TEMPERATURES are plummetting as Brits are bracing for winter, and some are racing to whack the heating up.
Many of us are wondering how to keep our homes warm, without breaking the bank, but leaving the radiator on all day isn't the answer.
There are a number of things you can do to reduce your bills, especially as Brits are facing hiked bills amid the current energy crisis, and colder months looming.
Insulation is one way to save HUNDREDS off your energy bill, and it's something you can do from as little as £3.
But, it doesn't matter how good your insulation is, a certain amount of energy is constantly leaking from your home.
If you have the heating on all day, you're constantly using energy trying to replace that lost heat, which leads to higher bills.
In some cases people are overpaying on their heating bills by as much as £246.
So while it might be more expensive in the short term to heat your home up from scratch every time you're in the house, in the long run you'll save money.
Energy experts lke comparison site Uswitch recommend using a thermostat or timer to make sure that your home is only warm when you need it to be.
There are steps you can take room by room in your home to lower costs, and you'll notice major savings on your bill without having to break the bank, so long as you focus where the spends need to go.
It's a good idea to hone in on areas in your house to see where you can aford to turn a number of things off, or budget where yoy will need to spend on heating.
Using your boiler timer and room thermostat in combination with radiator temperature controls (TRVs), is thought to be the most energy-efficient approach to heating your home.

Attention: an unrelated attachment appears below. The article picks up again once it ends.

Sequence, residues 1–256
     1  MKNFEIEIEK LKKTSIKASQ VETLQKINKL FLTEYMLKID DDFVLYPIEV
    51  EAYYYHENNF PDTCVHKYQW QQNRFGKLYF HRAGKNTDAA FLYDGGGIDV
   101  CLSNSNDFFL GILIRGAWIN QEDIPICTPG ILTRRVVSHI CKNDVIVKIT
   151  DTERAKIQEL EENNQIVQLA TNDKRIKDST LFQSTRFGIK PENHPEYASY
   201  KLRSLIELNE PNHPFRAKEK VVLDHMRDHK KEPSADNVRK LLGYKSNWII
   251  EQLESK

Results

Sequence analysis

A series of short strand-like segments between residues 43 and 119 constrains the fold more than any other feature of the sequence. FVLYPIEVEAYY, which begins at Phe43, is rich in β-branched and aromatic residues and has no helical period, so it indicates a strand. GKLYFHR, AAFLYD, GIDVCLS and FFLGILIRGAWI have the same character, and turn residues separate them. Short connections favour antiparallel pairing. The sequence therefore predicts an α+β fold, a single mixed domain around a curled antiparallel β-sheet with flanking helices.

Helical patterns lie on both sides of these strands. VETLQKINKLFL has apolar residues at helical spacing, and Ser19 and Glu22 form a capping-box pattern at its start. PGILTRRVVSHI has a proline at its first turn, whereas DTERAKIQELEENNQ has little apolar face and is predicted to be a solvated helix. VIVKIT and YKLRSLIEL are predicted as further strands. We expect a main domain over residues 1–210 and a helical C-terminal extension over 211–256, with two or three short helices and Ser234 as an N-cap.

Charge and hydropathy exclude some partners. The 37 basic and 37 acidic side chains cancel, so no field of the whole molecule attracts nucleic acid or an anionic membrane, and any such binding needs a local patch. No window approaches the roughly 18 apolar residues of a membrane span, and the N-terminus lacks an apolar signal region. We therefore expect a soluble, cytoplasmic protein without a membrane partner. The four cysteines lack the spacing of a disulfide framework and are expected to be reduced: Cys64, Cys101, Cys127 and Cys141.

A thermostatic radiator valve will allow you to control the temperature of your individual radiators, so you can turn down the heat in rooms you are not using too.
This could save you as much as £75 a year Uswitch told The Sun.
Setting them to a lower setting uses less energy and so will save you money too.
You can usually access smart heating controls, if you have them, remotely too, making it easier to control your usage.
You can also play around with timing controls so the heating will come on automatically and you don't have to worry about when and if you remembered to turn it iff again.
If your home isn't insulated though, your house has to work harder to make up the difference in temperature.
What about my pet being left at home?
What should you do though if you own a pet, and are worried they’ll suffer in a freezing cold home while you’re away?
The Energy Saving Trust has said before that it could cost pet owners £140 extra each year for energy bills.
As a more cost-effective alternative, the trust suggested pet owners could use smart thermostats, to control the temperature via a smartphone app when not at home.
Or if you keep them refined to certain areas of the house while you're away with a safety gate or such, you can make sure just these rooms are heated using radiator controls.
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